TACOP -Expands its “If You See Something – Say Something” Campaign
Voicing concern over a recent increase in crime in the Towson area, the Towson Area Citizens On Patrol (TACOP), representing 25 neighborhoods in the greater Towson community, met with County Councilman David Marks and Baltimore County Police Captain Jay Landsmen on January 5, 2016. A discussion of recent events, including the crowd of over 100 youth at the Towson Town Center mall, and general criminal activity in Towson, led to the expansion of TACOP’s “if you see something – say something” crime fighting campaign.
Working in partnership with the Baltimore County Police, TACOP volunteers patrol the streets of Towson to help keep residents, businesses and students safe. These volunteers monitor criminal activity in Towson and immediately call 911 to report any suspected crimes they observe while on patrol. Now TACOP wants to share its “see something, say something” crime fighting measure with the public.
TACOP advises the public that the police need “real time” information. It encourages everyone to be proactive and, “if you see something, say something.” TACOP and the Baltimore County police urge you to act immediately if you see any suspect criminal activity and call 911. TACOP also recommends everyone in Towson be more vigilant. When you are in Towson, whether it is day or night, call 911 if you are concerned about anything you see.
The recent gathering of 100+ youth at the mall on December 26, 2015 at closing time, which later led to rocks being thrown, slightly injuring several police officers, was also addressed. TACOP underscores the need for increased security at Towson Town Center for the safety of mall employees and customers. It urges the Center’s management, General Growth Properties, to invoke a curfew for youth age 17 and under after 9 PM, requiring them to be accompanied by an adult, similar to the curfew at both White Marsh and Hunt Valley.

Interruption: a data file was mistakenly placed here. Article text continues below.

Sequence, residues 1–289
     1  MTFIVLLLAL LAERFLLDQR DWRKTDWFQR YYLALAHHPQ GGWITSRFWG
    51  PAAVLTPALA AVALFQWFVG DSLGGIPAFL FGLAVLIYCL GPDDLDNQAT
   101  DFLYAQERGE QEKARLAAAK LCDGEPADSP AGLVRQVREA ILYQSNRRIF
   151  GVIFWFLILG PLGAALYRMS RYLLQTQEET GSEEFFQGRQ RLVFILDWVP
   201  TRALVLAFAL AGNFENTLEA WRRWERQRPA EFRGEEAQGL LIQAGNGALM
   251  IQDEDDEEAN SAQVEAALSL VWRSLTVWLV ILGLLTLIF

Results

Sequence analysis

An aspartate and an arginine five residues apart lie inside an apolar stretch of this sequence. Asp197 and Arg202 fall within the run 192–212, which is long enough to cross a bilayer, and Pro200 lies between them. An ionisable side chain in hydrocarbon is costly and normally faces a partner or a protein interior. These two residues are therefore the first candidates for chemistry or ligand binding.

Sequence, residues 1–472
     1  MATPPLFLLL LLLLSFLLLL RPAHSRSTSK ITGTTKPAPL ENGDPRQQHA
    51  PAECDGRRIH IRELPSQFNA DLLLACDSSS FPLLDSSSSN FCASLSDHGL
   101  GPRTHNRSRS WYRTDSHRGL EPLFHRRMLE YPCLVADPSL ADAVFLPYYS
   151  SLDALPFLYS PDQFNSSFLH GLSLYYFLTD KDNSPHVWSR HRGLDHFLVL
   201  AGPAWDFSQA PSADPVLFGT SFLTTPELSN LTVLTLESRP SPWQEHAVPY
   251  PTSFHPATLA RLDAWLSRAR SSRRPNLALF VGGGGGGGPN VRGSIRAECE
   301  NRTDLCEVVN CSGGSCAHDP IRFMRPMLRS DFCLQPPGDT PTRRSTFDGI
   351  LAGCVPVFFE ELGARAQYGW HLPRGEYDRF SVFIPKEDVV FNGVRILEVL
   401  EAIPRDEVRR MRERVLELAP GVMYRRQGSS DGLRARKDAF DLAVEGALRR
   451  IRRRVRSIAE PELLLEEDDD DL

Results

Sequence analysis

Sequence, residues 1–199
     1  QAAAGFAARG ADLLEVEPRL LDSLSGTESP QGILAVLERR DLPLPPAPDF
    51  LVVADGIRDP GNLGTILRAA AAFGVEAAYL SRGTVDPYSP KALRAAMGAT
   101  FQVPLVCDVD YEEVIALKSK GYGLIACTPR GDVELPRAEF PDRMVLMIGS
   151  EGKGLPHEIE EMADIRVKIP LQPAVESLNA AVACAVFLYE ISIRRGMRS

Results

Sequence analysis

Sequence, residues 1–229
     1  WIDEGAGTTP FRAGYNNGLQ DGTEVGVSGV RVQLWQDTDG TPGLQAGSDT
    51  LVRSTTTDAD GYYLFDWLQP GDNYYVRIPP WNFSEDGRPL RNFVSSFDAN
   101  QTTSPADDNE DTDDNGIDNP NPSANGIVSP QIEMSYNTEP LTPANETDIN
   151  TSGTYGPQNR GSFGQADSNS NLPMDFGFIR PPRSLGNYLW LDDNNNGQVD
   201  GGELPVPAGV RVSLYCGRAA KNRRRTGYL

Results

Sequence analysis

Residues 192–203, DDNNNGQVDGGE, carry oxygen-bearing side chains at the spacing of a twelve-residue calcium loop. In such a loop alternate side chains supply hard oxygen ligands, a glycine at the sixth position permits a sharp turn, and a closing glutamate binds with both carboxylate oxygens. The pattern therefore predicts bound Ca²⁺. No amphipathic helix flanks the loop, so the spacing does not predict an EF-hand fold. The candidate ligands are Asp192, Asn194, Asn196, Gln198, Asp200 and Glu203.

TACOP is a 501c3 organization founded in 2000 to help Towson Area neighborhoods start COP Programs. Currently, TACOP has 25 active COP neighborhoods, solely supported by donations from the public.
Mike Calwell, President email@example.com (443) 829-5276
Pat France, Vice-President firstname.lastname@example.org 410-828-5564
Janice Arcieri, Secretary email@example.com 443-465-0150
Barbara Lewis, Website Coord firstname.lastname@example.org 410-663-4266
Janet Eveleth, PR/Media email@example.com 410-821-1008
Recently, there has been a sharp increase in car break-ins and thefts in Baltimore County. Places that might normally be viewed as “safe” for parked cars are now being targeted by thieves, making residents vulnerable where they once thought that they were protected against such crimes.
In an effort to reduce the car break-ins and thefts, the Baltimore County Breaking News team offers the following strategies to keep you and your vehicle safer. While there is no “one solution,” we can, collectively, take steps to deter thieves and discourage them from spending time in our neighborhoods looking for opportunities to, easily, break the law. Click Below Link for full details!
Follow Up to previous article!